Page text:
One type of movement which is often overlooked or forgotten when you talk about the Jaeger-LeCoultre history and heritage is the “Baguette” movement. The name is of course from the French bread and used because of the movements long and thin shape…
This type of movement have a very characteristic look, having the whole movement on display – letting you admire not only the oscillating balance wheel but the entire movement.
Some brands and models have in later years made similar movements for wrist watches – like the Ulysses Nardin “Freak” or the Corum “Golden Bridge”.
Some may say Girard-Perregaux “Three Golden Bridges”, but I would not include that movement type here as it do have a covering base plate.
As mentioned, the Baguette name comes from the French side, in English the name used were – “visible movement”, sometimes “visible and vertical movement”.
In documents, I have found the Baguette movement from the mid 1940’s and onwards.
Here a couple of early examples – left, advertisement from 1948 and right, Jaeger-LeCoultre catalogue from 1945:
The Calibre 210 is 8-days movement which beats at a rate of 18000 vph / 2.5 Hz. As you can see have everything is visible except for the mainspring which is hidden inside the barrel…
With all the wheels in one line it forms a “Baguette” – Calibre 219 movement specification:
From the 1940’s and all the way to the end of the 1960’s, Jaeger-LeCoultre made a lot of different clocks using the Calibre 210.
Some very imaginative like the 321 with flies and spiders web or more clean style like the 318…
Classic round like the 172 or celestial like the 258…
Some with frame like the 331 or mimicking an object like the 333 Lantern…
There even were models made to be lying on a table, like the 326 and 325…
Yes, there were a lot of different models – not sure how many but a lot of different versions with the same movement!
One of these models is Clock 354 – gilt metal frame and raised studs as hour markers. Front and back are made of plexiglass which creates an illusion of the Baguette movement floating in the air.
The frame is 150 x 150 mm not including the foot. The foot is 200 x 45 mm and 12 mm high.
Another name used in the U.S. market for the Calibre 210 is “Baton” movement.
As can be seen below, there were T.W.O different versions of the foot for the 354 – a wider flat foot like my clock 354 have and a more pointy foot like the one to the right.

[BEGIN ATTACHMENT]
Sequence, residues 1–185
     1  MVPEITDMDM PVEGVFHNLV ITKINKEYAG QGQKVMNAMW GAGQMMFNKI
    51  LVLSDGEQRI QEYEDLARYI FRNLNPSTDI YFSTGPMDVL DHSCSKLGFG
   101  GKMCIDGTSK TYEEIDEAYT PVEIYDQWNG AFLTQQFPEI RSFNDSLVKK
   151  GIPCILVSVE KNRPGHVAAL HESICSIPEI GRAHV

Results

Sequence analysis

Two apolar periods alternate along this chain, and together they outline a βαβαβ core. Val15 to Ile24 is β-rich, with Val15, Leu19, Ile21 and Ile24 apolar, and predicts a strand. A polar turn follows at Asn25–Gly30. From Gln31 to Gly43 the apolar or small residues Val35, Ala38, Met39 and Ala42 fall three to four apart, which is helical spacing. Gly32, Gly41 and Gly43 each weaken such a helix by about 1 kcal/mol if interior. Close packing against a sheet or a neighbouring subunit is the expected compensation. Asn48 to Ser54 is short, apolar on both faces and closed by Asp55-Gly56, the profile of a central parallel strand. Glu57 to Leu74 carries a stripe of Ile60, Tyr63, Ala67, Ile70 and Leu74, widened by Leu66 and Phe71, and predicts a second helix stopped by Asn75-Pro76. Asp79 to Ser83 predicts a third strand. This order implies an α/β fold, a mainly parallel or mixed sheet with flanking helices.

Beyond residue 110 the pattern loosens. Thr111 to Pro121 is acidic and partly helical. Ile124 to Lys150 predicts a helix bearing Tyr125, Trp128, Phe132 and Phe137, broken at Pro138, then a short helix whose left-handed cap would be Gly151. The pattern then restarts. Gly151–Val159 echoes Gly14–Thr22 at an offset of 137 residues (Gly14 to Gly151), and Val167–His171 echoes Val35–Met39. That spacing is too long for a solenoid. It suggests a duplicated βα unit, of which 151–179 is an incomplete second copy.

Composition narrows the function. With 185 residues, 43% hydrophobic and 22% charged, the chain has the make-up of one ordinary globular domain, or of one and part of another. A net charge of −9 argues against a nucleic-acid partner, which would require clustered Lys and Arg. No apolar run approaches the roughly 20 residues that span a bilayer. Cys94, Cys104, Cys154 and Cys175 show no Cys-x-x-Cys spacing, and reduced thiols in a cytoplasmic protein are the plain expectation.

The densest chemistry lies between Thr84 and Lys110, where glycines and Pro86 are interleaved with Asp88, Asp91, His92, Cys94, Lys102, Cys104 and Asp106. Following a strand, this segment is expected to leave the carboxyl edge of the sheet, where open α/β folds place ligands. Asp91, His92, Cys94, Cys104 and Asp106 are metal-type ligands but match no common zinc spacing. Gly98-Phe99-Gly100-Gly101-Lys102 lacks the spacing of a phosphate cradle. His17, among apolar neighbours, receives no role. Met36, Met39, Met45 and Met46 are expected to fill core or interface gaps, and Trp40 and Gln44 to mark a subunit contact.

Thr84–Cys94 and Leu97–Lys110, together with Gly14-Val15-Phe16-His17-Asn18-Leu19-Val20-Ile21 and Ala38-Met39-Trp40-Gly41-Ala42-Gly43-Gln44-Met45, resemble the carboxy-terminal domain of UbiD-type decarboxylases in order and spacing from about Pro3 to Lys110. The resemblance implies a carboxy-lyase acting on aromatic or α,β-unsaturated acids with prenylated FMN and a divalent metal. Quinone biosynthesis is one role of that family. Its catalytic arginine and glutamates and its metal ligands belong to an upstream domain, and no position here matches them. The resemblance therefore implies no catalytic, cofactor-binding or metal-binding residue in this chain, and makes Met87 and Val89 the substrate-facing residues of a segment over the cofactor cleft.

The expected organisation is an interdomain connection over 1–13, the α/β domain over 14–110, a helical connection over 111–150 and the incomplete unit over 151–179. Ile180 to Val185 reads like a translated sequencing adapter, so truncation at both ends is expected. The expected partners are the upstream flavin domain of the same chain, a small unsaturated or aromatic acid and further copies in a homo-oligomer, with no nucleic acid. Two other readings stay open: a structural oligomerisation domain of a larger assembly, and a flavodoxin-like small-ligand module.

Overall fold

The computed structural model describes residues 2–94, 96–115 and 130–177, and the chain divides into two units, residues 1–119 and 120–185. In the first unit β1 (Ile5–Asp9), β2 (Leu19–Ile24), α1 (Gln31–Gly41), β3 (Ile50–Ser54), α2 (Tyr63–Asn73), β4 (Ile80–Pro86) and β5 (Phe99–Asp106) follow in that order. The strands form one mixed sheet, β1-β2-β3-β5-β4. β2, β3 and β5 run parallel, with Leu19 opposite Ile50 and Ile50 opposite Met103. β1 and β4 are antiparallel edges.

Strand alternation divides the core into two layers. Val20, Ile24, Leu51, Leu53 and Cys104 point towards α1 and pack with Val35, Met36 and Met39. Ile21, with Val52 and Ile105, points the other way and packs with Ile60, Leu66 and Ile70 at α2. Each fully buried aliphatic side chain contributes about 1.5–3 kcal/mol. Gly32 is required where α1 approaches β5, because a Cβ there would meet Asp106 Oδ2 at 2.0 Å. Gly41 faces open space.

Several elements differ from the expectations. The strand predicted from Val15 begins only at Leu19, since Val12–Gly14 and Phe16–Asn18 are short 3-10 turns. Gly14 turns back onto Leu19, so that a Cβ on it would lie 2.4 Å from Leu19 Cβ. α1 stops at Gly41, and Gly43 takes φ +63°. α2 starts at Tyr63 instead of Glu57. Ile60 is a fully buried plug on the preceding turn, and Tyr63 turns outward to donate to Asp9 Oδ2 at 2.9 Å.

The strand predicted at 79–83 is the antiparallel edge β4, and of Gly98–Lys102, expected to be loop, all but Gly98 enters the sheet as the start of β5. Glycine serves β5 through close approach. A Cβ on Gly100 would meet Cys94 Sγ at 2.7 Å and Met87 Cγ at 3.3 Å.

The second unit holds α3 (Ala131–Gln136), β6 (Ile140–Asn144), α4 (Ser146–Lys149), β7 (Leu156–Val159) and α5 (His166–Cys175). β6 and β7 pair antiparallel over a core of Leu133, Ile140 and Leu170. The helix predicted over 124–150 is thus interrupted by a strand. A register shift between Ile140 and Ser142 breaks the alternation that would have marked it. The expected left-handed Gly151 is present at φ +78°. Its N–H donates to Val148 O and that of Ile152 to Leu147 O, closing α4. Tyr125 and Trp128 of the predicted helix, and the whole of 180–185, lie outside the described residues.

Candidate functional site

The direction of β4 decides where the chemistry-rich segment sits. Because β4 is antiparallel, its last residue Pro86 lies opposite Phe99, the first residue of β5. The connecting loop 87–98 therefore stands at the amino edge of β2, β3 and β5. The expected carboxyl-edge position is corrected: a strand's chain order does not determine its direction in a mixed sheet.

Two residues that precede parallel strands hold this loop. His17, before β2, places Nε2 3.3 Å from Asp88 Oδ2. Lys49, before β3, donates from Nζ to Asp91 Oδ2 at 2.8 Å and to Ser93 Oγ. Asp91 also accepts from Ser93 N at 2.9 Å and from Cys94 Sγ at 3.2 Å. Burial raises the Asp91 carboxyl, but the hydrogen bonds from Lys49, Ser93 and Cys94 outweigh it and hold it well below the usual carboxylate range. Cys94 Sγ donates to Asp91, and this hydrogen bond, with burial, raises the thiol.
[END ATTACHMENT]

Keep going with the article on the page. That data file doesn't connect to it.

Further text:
Left, 1960 LeCoultre Clock pamphlet – right 1965 LeCoultre catalogue:
Not sure if more like a Baguette or a Baton, but it sure is a beautiful movement!
On the back of the 354 you can see how the movement and hour markers are screwed to the back plexiglass.
Below is a side view of the clock and zoom in on some details – lower right show the only T.W.O operators, one to wind the movement and one to set the time. Unfortunately the plexiglass has started to disintegrate due to age making it look like frost around the movement.
Upper right showing the balance wheel and the regulator for the speed of the movement. If your clock is too fast or too slow, you need to take it apart to be able to adjust the speed…
Last trace in documents I have found is in the 1969 LeCoultre catalogue. The reference 354 must have been a quite popular model as it was in the catalogue at least from 1960 to 1969!
I have no documents scanned with Baguette movement clock after 1969, but know there were some models still in production during the 1970’s and I think even later…
These later versions are often in silver metal while earlier versions pre-1970 are often in gilt metal.
One I really like but never managed to get is the one in the middle below, the reference 474:
For size reference, here with the wrist watch reference E 329, 35 mm in diameter.
All these different clocks really shows how playful and imaginative one can be without loosing track of beauty and technical knowhow!
Yes, there is a lot to discover in the Jaeger-LeCoultre universe! Stay tuned for more!